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IlanaSimons
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The Judgment

[ Edited ]
The Judgment

Kafka considered this story to be his major breakthrough. He wrote it in a fury, in one sitting late at night. The following are some questions for beginning a discussion of this story.

Question 1: What does Georg’s friend in St. Petersburg represent to him? Why does this character remain nameless?

Question 2: Ego and selfhood are major themes here. What is this story saying about them?

Question 3: Do you think the Dad or Georg suffers more insanity in the end?

Message Edited by IlanaSimons on 12-26-200612:26 PM




Ilana
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donyskiw
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Re: The Judgment

1. Georg's friend was just a touchstone to something outside his present life. He could remember his friend as a sort of escape when he was too caught up with his own reality. He remains nameless because his existence represents something Georg does not really allow to become real.

2. Ego and selfhood seem to be transitory in the story. Georg's selfhood is not really his own even though he thinks it is. His ego is not really as solid as it appears in the beginning of the story.

3. I think Georg suffers more insanity in the end. It takes insanity to make a human being self-destructive, the human survival instinct is very strong.

Denise
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Choisya
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Re: The Judgment

Did his friend represent the hope of a better life? I can't agree that it 'takes insanity to make a human being self-destructive' - a lot of very sane people have committed suicide. Depressed maybe but not insane. The will to survive is stronger in some people than others, as we see in the great survival stories - some people find life more of a trial than others and spme people give up sooner than others.



donyskiw wrote:
1. Georg's friend was just a touchstone to something outside his present life. He could remember his friend as a sort of escape when he was too caught up with his own reality. He remains nameless because his existence represents something Georg does not really allow to become real.

2. Ego and selfhood seem to be transitory in the story. Georg's selfhood is not really his own even though he thinks it is. His ego is not really as solid as it appears in the beginning of the story.

3. I think Georg suffers more insanity in the end. It takes insanity to make a human being self-destructive, the human survival instinct is very strong.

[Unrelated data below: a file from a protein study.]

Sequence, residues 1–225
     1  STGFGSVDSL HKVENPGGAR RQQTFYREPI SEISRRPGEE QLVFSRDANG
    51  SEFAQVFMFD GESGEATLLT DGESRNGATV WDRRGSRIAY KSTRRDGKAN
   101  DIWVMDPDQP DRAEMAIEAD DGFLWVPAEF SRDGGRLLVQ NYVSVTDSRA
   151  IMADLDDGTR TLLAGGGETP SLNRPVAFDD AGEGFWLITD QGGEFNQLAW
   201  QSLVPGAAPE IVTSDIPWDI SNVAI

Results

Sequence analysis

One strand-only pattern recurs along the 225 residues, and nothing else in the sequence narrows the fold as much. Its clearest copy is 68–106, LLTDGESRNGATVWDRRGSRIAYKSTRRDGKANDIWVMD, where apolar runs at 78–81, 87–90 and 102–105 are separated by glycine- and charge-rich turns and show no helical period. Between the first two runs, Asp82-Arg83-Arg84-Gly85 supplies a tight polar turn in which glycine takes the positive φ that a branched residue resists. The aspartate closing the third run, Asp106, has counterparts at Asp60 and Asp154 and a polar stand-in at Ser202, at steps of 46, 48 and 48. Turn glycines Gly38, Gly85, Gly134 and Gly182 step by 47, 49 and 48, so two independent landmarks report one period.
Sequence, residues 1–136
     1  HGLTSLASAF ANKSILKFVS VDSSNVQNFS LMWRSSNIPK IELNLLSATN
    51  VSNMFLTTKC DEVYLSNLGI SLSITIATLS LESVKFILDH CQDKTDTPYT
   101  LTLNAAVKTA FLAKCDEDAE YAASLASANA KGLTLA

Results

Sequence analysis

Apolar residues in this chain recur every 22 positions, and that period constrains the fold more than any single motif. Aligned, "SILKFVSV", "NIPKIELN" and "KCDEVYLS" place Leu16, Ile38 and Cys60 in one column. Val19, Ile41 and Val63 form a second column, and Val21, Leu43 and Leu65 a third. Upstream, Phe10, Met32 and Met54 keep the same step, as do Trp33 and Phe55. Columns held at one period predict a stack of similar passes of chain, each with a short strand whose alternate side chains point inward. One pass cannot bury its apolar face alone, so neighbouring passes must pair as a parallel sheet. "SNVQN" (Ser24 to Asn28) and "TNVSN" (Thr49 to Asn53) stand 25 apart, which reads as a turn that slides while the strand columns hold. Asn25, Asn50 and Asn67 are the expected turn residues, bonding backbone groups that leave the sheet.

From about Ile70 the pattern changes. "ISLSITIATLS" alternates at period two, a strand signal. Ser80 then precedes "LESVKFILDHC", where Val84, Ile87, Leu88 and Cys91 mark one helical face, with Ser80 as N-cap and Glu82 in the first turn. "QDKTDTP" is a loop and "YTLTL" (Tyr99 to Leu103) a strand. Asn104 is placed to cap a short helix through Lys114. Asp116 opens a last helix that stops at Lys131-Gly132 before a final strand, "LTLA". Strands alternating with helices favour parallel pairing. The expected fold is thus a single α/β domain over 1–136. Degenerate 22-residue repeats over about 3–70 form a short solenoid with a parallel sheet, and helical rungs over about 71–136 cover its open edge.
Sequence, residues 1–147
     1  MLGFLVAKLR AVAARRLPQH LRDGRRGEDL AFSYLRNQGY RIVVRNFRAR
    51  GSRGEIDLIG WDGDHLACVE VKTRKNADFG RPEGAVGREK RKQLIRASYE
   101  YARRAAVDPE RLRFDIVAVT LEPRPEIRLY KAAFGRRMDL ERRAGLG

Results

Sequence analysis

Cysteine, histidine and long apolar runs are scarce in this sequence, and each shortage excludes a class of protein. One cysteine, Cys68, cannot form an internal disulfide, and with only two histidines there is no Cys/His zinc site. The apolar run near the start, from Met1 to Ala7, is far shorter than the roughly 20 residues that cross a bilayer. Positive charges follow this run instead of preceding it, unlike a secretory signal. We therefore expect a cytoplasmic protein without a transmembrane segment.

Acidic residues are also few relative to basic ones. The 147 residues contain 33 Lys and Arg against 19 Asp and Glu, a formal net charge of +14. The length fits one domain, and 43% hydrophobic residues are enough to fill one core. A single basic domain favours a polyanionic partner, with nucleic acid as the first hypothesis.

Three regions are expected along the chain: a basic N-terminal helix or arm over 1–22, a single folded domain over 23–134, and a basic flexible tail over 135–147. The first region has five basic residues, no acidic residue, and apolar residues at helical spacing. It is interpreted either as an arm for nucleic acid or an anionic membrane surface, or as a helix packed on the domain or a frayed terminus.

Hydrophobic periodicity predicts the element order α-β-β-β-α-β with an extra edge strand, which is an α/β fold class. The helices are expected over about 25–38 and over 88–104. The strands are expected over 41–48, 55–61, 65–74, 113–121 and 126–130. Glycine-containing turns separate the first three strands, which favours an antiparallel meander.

Denise


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IlanaSimons
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Re: The Judgment



Choisya wrote:
Did his friend represent the hope of a better life? I can't agree that it 'takes insanity to make a human being self-destructive' - a lot of very sane people have committed suicide. Depressed maybe but not insane. The will to survive is stronger in some people than others, as we see in the great survival stories - some people find life more of a trial than others and spme people give up sooner than others.



donyskiw wrote:
1. Georg's friend was just a touchstone to something outside his present life. He could remember his friend as a sort of escape when he was too caught up with his own reality. He remains nameless because his existence represents something Georg does not really allow to become real.

2. Ego and selfhood seem to be transitory in the story. Georg's selfhood is not really his own even though he thinks it is. His ego is not really as solid as it appears in the beginning of the story.

3. I think Georg suffers more insanity in the end. It takes insanity to make a human being self-destructive, the human survival instinct is very strong.

Denise








I'll show all my cards from the beginning...so feel free to pick apart as we go.
I tend to think of Georg's friend as a hallucinated alter-ego. Georg never grows up enough to leave home. He speaks of that "friend”—that never-seen other-me out there—who _did_ move away to start his own business.
Georg tries to send messages to that “friend” out there, but Dad interrupts the discourse.
I think this is one of the most Freudian of Kafka's texts.
About ego and guilt: I think the story is largely about the (Oedipal) fears of building your own identity. Georg is so vulnerable to Dad's authority that he never leaves home. The guilt of even imagining doing so makes him crazy.
Superimpose this fear onto Kafka's real life: Kafka lived with his parents into adulthood, twice proposing marriage to his girlfriend Felice but twice running away from the marriage. Here we see a poignant fear of growing up, of finding your own voice. Both Georg and Kafka stay home, simply imagining a fully developed voice/friend.



Ilana
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donyskiw
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Re: The Judgment